Maven Intimidation-Over-Convention

The beginning

Some time ago I looked at my Ant files, maybe a 1000 lines each, and I thought: this needs to change!

With Ant, everything is possible, but at the end of the day you just copy your Ant stuff from your previous projects to your new ones because things like compiling or running tests require a lot of boring and mindless XML coding, so you want to save yourself from it and do a bit of copy-paste instead. That's a little sin everyone commits. No need to mention that it quickly becomes hard to modify and maintain.

The long awaited solution?

So I decided to try Maven. Everyone has probably seen the Maven adoption curve by now, I'm sure. Nevertheless, I called Maven to the rescue and... now I'm looking at 1000 lines long Maven files. Great.

The complaining

Wait a second! What about those promises that Maven is so concise compared to Ant? What happened to convention-over-configuration?

Okay, so a large number of those 1000 lines is dependencies. But then - have you ever tried integration tests with Maven? Not supported by default. Copying a file after the build is done? Hmm... problem. What's more, I've seen people posting questions about Maven and getting an arrogant response similar to "If Maven can't do it then you're doing it wrong; you don't need it, you just don't realize it yet". Quite buggy support for Maven in Eclipse (and IDEA, I heard. Update 2010-03-02: However, Lieven suggested that IDEA support has been greatly improved, thanks Lieven. I tried it myself and found it a bit rough (how do I even add repositories? I can't modify the list), but at least it works.) is another thing... Eventually, I even mastered writing Maven plugins.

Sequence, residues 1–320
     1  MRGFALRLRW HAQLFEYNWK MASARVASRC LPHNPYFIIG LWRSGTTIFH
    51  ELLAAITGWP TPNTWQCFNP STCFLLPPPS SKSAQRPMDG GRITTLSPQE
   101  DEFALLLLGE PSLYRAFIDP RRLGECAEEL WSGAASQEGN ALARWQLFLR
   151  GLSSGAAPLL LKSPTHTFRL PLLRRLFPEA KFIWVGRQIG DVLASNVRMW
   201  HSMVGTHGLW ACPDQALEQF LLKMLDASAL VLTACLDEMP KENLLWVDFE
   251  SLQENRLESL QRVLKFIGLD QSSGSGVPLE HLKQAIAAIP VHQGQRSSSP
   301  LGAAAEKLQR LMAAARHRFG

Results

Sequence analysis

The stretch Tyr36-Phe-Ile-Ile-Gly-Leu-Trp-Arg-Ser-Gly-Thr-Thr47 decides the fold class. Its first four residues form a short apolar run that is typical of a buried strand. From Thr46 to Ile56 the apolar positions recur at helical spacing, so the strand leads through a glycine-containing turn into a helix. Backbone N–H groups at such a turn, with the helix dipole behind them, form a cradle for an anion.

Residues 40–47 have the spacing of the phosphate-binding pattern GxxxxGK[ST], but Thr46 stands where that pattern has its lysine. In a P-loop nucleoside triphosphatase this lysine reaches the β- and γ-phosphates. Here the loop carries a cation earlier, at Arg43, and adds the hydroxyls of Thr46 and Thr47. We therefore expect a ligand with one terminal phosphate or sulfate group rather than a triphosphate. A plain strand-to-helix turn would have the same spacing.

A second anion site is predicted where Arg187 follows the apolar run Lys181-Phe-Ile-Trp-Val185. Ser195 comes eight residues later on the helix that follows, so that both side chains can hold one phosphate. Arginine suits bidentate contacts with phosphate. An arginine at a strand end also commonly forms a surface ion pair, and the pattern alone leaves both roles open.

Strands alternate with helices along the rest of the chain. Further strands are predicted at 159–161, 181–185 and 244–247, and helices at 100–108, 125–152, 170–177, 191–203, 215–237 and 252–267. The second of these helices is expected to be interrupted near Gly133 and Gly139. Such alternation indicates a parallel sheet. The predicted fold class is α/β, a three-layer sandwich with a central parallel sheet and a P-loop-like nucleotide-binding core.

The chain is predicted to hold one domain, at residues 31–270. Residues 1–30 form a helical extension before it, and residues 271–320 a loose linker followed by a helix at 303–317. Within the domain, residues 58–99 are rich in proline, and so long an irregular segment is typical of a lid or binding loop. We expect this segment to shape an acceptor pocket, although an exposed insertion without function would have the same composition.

This stuff makes your pom.xml file damn long! That's not what we wanted!

Will code Maven plugins for food

The consolation for Maven

Anyway, the list of problems with Maven is quite long and it is not my intention to write another one. Don't get me wrong, Maven is a fair tool, it does bring some conventions after all (at least the projects look similar which makes them easier to pick up) and at least it solves the compilation, unit tests, and dependency management for you (but then, some say it is too much for one tool and against the Unix philosophy - do one thing well).

The expectations

Now, what would I like to see in a project management tool like Maven?

  • Relieve me from tons of XML
  • Provide application-type-specific solutions (something like JEE Profiles?), more sophisticated than just selecting the output file extension
  • Provide support for more than one kind of testing
  • Allow for scripting flexibility (like Groovy or Scala; this is happening)
  • Support all JVM languages seamlessly
  • Nice documentation
And if only it had strong IDE support...

The conclusion

I don't regret trying Maven and if you haven't done it yet yourself, it's time to get your feet wet! But before you decide to migrate to Maven, perhaps you should: